The U.S. FDA took steps in June to remove artificial trans fats from processed foods. After its review of the scientific evidence, the agency declared that partially hydrogenated oils (PHOs), the primary dietary source of artificial trans fats, are not “generally recognized as safe” (known as “GRAS”) for use in food.
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Georges Benjamin, MD, executive director, American Public Health Association, agrees there are no safe levels of trans fat. “By FDA’s estimation, partially hydrogenated oils cause up to 7,000 deaths each year in the U.S. and should be phased out of the food supply as soon as possible,” he says. “FDA has also concluded that the economic benefits of eliminating the use of partially hydrogenated oil greatly outweigh the costs of switching to healthier oils.”
Although our publication doesn’t necessarily focus on public health issues of the food industry, FDA’s latest move will nonetheless impact our readers on how they manufacture their products.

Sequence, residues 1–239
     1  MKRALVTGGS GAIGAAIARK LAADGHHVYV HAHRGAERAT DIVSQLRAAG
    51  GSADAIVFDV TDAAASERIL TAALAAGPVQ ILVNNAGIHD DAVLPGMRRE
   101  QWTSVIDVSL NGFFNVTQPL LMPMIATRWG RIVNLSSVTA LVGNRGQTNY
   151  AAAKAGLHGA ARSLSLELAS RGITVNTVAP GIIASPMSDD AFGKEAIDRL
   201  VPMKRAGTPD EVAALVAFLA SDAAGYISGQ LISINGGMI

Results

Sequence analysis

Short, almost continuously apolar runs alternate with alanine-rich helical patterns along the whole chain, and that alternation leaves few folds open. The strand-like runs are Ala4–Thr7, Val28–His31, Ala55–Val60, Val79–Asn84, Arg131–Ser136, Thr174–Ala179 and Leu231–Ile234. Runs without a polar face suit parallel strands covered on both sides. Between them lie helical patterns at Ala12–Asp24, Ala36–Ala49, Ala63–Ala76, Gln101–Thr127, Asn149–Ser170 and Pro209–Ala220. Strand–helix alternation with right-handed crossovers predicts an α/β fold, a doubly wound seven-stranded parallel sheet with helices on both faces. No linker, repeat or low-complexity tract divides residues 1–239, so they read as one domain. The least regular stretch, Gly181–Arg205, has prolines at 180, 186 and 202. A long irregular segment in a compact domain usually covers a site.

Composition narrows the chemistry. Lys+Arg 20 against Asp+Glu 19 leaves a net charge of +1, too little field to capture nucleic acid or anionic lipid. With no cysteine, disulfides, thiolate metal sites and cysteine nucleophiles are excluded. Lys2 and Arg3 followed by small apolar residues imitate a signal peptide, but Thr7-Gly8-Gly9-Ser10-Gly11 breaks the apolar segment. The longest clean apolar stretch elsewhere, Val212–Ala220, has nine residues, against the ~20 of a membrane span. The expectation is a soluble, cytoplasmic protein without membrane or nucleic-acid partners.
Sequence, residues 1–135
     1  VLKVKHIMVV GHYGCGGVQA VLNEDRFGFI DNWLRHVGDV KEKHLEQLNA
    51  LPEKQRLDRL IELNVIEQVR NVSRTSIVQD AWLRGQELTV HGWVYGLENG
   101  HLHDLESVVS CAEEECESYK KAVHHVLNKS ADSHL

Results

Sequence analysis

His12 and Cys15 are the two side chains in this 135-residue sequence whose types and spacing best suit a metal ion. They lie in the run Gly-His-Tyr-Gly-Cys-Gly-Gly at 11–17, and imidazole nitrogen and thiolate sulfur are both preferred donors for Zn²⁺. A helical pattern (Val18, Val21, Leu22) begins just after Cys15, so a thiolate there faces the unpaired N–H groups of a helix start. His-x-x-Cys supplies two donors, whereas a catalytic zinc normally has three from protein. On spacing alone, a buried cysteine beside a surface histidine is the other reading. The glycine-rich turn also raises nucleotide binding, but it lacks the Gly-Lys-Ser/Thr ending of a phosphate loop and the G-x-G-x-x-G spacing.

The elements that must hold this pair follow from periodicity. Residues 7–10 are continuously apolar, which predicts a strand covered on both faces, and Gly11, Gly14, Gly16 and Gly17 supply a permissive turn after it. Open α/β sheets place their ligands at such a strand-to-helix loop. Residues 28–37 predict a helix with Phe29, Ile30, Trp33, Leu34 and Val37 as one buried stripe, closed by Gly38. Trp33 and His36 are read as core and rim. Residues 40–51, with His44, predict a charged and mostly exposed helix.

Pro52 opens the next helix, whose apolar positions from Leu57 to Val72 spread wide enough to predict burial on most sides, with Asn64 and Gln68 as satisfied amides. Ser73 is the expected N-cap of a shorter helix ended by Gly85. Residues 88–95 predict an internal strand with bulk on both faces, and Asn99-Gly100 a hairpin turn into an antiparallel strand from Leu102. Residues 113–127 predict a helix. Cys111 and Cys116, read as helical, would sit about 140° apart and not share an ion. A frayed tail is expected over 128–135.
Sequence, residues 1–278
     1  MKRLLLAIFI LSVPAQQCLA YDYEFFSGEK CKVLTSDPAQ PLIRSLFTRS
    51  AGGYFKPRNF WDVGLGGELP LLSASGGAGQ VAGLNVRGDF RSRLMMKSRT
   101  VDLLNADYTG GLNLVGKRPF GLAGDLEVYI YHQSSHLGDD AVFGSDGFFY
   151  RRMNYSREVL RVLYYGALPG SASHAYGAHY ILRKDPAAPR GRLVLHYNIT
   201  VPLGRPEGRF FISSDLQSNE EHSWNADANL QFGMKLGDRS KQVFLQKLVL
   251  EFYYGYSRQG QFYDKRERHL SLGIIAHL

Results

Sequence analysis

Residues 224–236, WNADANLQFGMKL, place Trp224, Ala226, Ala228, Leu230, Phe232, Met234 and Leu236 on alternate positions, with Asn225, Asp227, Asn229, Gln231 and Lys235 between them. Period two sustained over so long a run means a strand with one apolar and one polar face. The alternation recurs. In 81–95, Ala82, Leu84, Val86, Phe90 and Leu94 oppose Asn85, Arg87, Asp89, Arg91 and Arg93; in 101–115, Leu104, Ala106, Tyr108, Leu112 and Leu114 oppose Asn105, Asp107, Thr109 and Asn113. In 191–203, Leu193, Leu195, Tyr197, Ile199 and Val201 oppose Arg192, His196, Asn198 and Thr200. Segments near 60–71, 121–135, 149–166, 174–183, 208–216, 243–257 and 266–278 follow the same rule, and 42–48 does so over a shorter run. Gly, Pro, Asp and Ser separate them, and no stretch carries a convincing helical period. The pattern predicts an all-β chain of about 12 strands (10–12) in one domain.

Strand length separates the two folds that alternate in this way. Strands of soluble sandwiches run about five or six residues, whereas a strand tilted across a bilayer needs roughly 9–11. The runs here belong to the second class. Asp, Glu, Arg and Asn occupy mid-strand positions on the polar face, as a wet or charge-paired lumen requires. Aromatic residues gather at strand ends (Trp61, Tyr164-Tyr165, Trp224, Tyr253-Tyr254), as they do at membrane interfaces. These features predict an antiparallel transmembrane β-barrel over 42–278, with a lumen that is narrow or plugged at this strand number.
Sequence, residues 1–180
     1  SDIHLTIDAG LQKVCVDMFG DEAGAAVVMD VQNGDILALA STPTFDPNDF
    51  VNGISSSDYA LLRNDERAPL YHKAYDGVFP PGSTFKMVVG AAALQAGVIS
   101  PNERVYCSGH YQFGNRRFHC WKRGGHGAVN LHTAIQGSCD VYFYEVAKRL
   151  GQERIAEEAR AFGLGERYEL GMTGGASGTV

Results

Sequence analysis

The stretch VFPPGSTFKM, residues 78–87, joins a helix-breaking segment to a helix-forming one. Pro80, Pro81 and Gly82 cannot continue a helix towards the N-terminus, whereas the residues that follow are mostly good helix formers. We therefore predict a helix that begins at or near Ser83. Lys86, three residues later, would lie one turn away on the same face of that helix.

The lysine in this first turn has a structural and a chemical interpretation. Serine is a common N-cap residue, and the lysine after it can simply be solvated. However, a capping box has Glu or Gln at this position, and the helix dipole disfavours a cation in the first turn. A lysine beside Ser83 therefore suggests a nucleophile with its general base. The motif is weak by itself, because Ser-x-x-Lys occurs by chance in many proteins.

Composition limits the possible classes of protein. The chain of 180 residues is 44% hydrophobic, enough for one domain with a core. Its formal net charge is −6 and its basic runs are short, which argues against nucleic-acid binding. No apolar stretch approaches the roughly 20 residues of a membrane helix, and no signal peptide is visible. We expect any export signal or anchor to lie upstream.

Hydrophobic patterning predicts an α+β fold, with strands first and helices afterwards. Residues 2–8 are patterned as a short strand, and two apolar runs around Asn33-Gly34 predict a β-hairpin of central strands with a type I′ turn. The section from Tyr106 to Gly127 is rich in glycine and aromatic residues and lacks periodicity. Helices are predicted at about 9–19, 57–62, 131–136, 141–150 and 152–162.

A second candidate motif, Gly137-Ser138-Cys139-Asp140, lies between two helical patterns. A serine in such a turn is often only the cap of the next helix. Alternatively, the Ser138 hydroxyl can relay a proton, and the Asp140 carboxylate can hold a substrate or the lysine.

The agency has set a compliance period of three years to allow food manufacturers to either reformulate products without PHOs and/or petition the FDA to permit specific uses of PHOs.
As manufacturers begin to explore ways to eliminate trans fats from their products, there is concern that many will turn to palm oil, which some experts believe isn’t any better for people’s health because it’s high in saturated fats. In addition, while palm oil is a cheap option, the majority used in America’s food supply is produced in ways that cause deforestation and human rights abuses in developing countries.
“It’s heartening that the FDA has banned trans fats for the health of U.S. consumers, but we must ensure this move does not create the perverse consequences of rain forest destruction and land grabbing in poor countries,” points out Jeff Conant, international forests campaigner, Friends of the Earth.
The American Soybean Association (ASA) believes it may have a better alternative. According to the organization, the U.S. soybean industry plans to ramp up production of high oleic soybean oil that can safely replace PHOs and palm oil in many food applications.
“Soybean oil contains no trans fat, is low in saturated fat, is sustainable, and is a broadly available, domestic option for the food industry here in the U.S.,” comments Wade Cowan, ASA’s president and a soybean farmer. The organization will use FDA’s compliance time period to get the high oleic trait integrated into soybean varieties as well as approved in overseas markets so as to be able to meet the future needs of the food industry.